DALLAS, May 26 /PRNewswire/ -- In the May 2, 2005, issue of The Journal of
Experimental Medicine, Virginia Pascual, M.D., and Jacques Banchereau, Ph.D.,
from the Baylor Institute for Immunology Research in Dallas (BIIR), report on
the successful treatment of children with systemic onset juvenile idiopathic
arthritis (SoJIA). The findings are highly significant for SoJIA patients for
whom previous therapies have failed.
Approximately 250,000 children in the U.S. suffer from juvenile arthritis.
SoJIA accounts for about 10 percent of all juvenile arthritis cases with
unknown causes. Early symptoms, which often go undiagnosed, may include fever
and a rash. As the disease progresses, anemia and other blood-related issues
develop, as do inflammation and joint pain. Depending on the duration and
severity of the disease long-term disabilities may develop.
"Most of the children in our study have suffered from persistent fever and
arthritis for years. Additionally, they have suffered from side effects
resulting from conventional medications. Through this research, we found that
we could not only control the disease, but also allow these children to grow
and carry out normal lives," said Dr. Pascual.
In collaboration with researchers from Texas Scottish Rite Hospital for
Children in Dallas, the BIIR team identified children with this form of
juvenile arthritis who had not responded to other treatment regimens. They
discovered that white blood cells from these SoJIA patients expressed higher
levels of certain immune system genes than white blood cells from healthy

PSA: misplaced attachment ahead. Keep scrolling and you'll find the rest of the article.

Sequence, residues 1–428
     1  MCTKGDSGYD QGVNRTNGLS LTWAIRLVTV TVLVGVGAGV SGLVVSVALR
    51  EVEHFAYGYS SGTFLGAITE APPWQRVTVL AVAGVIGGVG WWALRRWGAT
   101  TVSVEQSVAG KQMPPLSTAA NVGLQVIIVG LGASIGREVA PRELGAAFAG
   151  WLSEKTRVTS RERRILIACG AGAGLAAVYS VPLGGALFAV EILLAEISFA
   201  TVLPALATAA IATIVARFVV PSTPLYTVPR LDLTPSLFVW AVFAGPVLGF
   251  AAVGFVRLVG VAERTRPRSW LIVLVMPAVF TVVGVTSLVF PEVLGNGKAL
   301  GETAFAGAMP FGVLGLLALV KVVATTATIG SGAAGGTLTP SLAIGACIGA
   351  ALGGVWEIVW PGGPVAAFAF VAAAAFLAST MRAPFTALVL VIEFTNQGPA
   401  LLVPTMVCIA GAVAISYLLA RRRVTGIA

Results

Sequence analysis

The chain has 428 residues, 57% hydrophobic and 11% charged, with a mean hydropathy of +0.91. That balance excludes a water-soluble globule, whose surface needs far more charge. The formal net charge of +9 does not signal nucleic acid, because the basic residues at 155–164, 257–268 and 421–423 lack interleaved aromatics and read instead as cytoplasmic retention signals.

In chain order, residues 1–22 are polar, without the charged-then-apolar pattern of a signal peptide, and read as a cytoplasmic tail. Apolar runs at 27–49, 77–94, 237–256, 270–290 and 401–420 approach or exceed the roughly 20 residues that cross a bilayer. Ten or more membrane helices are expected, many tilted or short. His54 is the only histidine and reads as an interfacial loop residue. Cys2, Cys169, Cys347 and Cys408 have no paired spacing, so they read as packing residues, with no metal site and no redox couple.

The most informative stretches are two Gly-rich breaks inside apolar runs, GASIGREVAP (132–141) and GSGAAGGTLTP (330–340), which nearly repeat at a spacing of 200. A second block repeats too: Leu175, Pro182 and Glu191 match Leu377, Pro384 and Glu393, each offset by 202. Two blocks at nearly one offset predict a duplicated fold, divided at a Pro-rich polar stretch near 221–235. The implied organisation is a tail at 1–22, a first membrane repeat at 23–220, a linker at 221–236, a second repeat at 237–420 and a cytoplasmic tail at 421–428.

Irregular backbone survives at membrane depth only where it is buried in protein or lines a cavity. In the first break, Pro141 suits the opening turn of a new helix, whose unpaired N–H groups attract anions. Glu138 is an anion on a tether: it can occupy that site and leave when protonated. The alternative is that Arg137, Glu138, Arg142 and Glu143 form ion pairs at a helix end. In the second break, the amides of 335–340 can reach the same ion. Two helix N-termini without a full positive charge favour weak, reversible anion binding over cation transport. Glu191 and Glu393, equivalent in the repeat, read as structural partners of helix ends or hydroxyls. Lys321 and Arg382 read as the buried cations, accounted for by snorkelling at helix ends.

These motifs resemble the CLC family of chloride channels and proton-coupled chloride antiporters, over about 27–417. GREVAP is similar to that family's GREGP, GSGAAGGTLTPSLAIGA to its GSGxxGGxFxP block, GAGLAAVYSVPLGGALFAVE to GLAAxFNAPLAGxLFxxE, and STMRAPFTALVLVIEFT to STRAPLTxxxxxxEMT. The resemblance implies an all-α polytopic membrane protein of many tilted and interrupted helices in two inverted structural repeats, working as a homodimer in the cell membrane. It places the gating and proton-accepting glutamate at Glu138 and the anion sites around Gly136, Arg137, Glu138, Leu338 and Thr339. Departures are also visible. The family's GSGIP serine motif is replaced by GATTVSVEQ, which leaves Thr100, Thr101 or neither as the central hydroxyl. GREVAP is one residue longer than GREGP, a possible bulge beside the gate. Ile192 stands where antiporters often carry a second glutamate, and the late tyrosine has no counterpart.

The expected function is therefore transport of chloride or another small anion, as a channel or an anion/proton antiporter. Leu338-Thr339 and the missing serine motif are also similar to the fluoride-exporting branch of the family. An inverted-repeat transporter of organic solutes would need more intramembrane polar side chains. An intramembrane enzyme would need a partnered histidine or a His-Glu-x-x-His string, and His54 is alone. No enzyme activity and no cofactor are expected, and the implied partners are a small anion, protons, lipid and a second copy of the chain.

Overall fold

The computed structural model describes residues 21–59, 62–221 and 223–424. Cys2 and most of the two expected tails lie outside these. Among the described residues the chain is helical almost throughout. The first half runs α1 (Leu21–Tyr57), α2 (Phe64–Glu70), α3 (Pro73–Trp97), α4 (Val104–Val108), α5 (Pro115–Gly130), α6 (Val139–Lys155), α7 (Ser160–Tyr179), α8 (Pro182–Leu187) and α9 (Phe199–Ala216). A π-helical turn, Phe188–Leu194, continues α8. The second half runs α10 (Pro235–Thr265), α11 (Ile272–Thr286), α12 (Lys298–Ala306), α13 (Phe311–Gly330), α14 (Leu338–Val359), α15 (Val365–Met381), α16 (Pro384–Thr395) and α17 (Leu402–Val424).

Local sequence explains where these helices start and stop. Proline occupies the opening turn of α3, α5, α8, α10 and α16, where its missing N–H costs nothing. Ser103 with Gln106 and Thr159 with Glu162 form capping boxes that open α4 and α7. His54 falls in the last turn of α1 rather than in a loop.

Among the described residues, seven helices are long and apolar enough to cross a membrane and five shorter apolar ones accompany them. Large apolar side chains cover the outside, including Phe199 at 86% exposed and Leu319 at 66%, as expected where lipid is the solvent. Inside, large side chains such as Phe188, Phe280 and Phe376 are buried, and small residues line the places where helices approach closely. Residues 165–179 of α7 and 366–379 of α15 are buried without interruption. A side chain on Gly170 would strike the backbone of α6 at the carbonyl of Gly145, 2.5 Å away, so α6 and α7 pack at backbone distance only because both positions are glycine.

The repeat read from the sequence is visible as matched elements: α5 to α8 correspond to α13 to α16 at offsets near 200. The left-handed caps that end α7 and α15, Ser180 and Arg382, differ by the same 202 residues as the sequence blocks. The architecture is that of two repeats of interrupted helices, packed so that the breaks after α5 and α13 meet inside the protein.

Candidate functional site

individuals. They also found that blood serum from the SoJIA patients caused
healthy white blood cells to start overexpressing these genes and to secrete
higher levels of interleukin-1b. Interleukins are proteins made by white
blood cells that help regulate the immune system. The researchers observed
that higher IL-1b secretion also occurred in SoJIA patients.
"We felt that oversecretion of IL-1b might play a significant role in
SoJIA and that inhibiting IL-1b activity could be beneficial," said Dr.
Banchereau, director, BIIR.
To test this hypothesis, nine SoJIA patients received a drug, called
Anakinra, which inactivated IL-1. Anakinra, marketed by Amgen, is a
genetically engineered version of the IL-1 receptor that has been used to
treat rheumatoid arthritis. All nine patients responded to the therapy.
Seven patients had systemic symptoms, such as fever. A week after the first
treatment the fever was gone from all seven and did not return for the length
of the one-year follow up. Eight of the nine had active arthritis. In these
patients, the researchers observed decreases in the arthritic symptoms in the
joints as well as improvement of hemoglobin levels, white blood cell count and
a number of other indicators of arthritis. They found that the therapy
completely restored the function of six of the eight patients and lessened the
symptoms of the remaining two.
The findings were also presented by Dr. Pascual at the recent Federation
of Clinical Immunology Societies Meeting held in Boston.
Dallas-based Baylor Institute for Immunology Research is the immunology
research component of Baylor Research Institute, an affiliate of Baylor Health
Care System. Opened in 1996, Baylor Institute for Immunology Research brings
laboratory scientists and clinicians together in an effort to increase
understanding of how the immune system works. The institute is devoted to
translating basic laboratory discoveries made about the immune system into
effective treatments for humans. This interdisciplinary program focuses on
developing new therapies, such as dendritic cell therapy, which involves the
use of dendritic cells to modulate the immune response in beneficial ways to
treat cancer, infectious diseases, autoimmune diseases, and transplant
For more information about Baylor Institute for Immunology Research, visit
SOURCE Baylor Institute for Immunology Research